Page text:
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Tag Archive: Expendables 2


Van Damme splits trucks

If you’re a fan of early Jean-Claude Van Damme action movies then you will love this new ad from Volvo Trucks.  It’s probably the best idea anyone has had to thrust back into the spotlight an actor/martial artist who once was on the heels of becoming the next Stallone or Schwarzenegger.  Expendables 2 wasn’t enough to do it, but showing off on TVs across America the physical skill and the result of a lifetime of martial arts prowess that Van Damme used in early work like Bloodsport could be enough to get him back into big movie roles.  Van Damme just needs to find his version of Mickey Rourke’s big comeback film The Wrestler.

If you haven’t watched Van Damme movies, you’re missing out.  First, add Bloodsport and Timecop into your Netflix queue.  Some may say it is blasphemous to compare Van Damme to Bruce Lee, but if you liked Enter the Dragon you will at a minimum appreciate Van Damme’s style, passion and effort in Bloodsport.  Like Schwarzenegger, Van Damme had the European immigrant with an accent action star shtick going for him.  He had proven fighting skill outside of movies, too.  And he had a real appeal–usually playing the underdog or defending the underdog, he usually had the good guy role in his best work.

Van Damme splits in Timecop

More splits. Could you save yourself if your kitchen floor was suddenly charged with electricity? Van Damme could, and did, in Timecop.

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I really like Arnold Schwarzenegger, the actor.  He’s in a rare group of current actors like Tom Cruise, who, no matter what he does outside acting, so long as he keeps making good movies I’ll keep showing up to watch him.

In many ways Arnold is like his Expendables and now Expendables 2 brethren, especially Sylvester Stallone, whose self-made rise to fame was a lot like Arnold’s, and Bruce Willis, who seems to churn out movies of all types like nobody else.  But Arnold is also one of those bigger-than-life/megastar/film legend/superstars who could arguably be lumped in with John Wayne and Clint Eastwood.  These three have a more distinctive, almost superhuman aura.  And just as Wayne and Eastwood did, it looks like Arnold is entering a distinct “third act” of his career.  You can look back and see Wayne in his B-movie days before Stagecoach, where Clint was making TV shows like Maverick and Rawhide, and Arnie was getting his sea-legs as Conan the Barbarian.  Then with their second acts they all made it to the bigtime, Wayne with John Ford Westerns and war movies, Clint with spaghetti Westerns and then Dirty Harry, and Arnold with his blockbuster action films: Predator, Terminator 1&2, and True Lies.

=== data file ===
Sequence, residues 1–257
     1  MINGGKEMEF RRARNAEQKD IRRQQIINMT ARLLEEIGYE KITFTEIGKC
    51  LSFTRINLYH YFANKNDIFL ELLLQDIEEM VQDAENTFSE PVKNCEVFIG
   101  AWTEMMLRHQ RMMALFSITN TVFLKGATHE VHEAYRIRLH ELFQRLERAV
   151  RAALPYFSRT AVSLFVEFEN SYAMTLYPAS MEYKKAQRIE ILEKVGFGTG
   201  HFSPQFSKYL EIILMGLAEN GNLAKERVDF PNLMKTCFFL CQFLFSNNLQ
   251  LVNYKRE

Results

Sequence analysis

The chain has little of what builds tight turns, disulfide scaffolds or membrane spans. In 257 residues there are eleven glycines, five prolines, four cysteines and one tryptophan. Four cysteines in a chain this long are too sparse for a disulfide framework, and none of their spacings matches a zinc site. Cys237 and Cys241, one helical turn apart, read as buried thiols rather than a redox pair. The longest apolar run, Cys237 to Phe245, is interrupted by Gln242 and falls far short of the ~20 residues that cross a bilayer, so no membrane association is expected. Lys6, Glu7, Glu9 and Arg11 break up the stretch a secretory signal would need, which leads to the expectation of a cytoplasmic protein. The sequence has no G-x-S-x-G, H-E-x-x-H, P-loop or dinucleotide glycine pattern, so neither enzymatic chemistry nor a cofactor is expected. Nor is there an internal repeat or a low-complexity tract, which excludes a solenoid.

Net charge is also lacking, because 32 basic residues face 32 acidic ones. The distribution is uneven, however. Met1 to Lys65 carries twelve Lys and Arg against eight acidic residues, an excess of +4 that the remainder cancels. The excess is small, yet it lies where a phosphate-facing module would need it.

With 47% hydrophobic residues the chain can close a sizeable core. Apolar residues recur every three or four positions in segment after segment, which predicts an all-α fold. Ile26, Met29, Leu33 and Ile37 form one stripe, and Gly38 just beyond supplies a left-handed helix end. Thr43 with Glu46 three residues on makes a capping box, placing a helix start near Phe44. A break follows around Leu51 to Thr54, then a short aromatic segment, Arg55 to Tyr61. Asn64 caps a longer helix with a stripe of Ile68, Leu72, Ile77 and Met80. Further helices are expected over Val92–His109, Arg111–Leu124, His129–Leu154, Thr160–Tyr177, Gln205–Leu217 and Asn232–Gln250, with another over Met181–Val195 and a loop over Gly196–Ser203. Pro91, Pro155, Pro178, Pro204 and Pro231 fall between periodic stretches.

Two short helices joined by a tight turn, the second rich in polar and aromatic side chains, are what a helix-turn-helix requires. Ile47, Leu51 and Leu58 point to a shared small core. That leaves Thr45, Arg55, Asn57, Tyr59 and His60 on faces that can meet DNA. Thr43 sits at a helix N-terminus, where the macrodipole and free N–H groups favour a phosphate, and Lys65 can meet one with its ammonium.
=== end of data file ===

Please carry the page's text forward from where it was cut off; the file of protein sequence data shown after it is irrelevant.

So what’s next?  Wayne got gruff in his elder years as highlighted in his Rooster Cogburn role.  As did Clint, even going back ten years he began this new life persona as old man, but always a modern take on what it means to be an old man.  His character as a geezer in Gran Torino is nothing like Dirty Harry or The Man with No Name, but it’s still one of his best performances.

So what about Arnold?  After his hiatus as California’s Governator, he slips back into movies this month with his bit part in Expendables 2.  But his first film returning in a leading role is due out after the holidays: The Last Stand.  Arnie’s stilted acting shown in the first trailer for the film put aside, I see some things I may like in this new action flick.

First, I loved The Rock/Dwayne Johnson in his remake of Walking Tall, co-starring Johnny Knoxville.  I didn’t think that film could be remade and I loved the result.  The plot of this film seems strangely similar.  And that’s Johnny Knoxville again… in apparently the same role!  Although–Knoxville looks a bit more psychotic than normal here.  And that’s saying a lot for the guy from Jackass and MIB 2.

Next, I really liked Sylvester Stallone’s performance as a worn down police officer caught in the middle of a culture of bad cops in the universally praised film Cop Land.  This movie, from the preview, feels like it could be a similar work for Arnold–a grizzled lawman needing to step up and take a stand, maybe the last stand, as the movie’s title would indicate.

It also reminds me a bit of Chris Cooper in Lone Star.

They are certainly not standout roles for John Wayne, but he played a cop twice toward the end of his career, in McQ and Brannigan.  And despite the dated look, both are darned good movies.  This type of role may be a good way for everyone to get back liking–and cheering for–our returning megastar.

And finally there is that Clint Eastwood gruff, cracked speech thing.  Call it tough as nails, call it dry, it is partly why we see Clint as the tough guy we see him as today.  Is this the future of the once young and pumped-up Arnold on the big screen, moving from his classic “Ah-nold” accent to a raspy smoker-like delivery?

Check out the trailer:

The Last Stand, directed by South Korean director Jee-woon Kim, hits theaters January 18, 2013.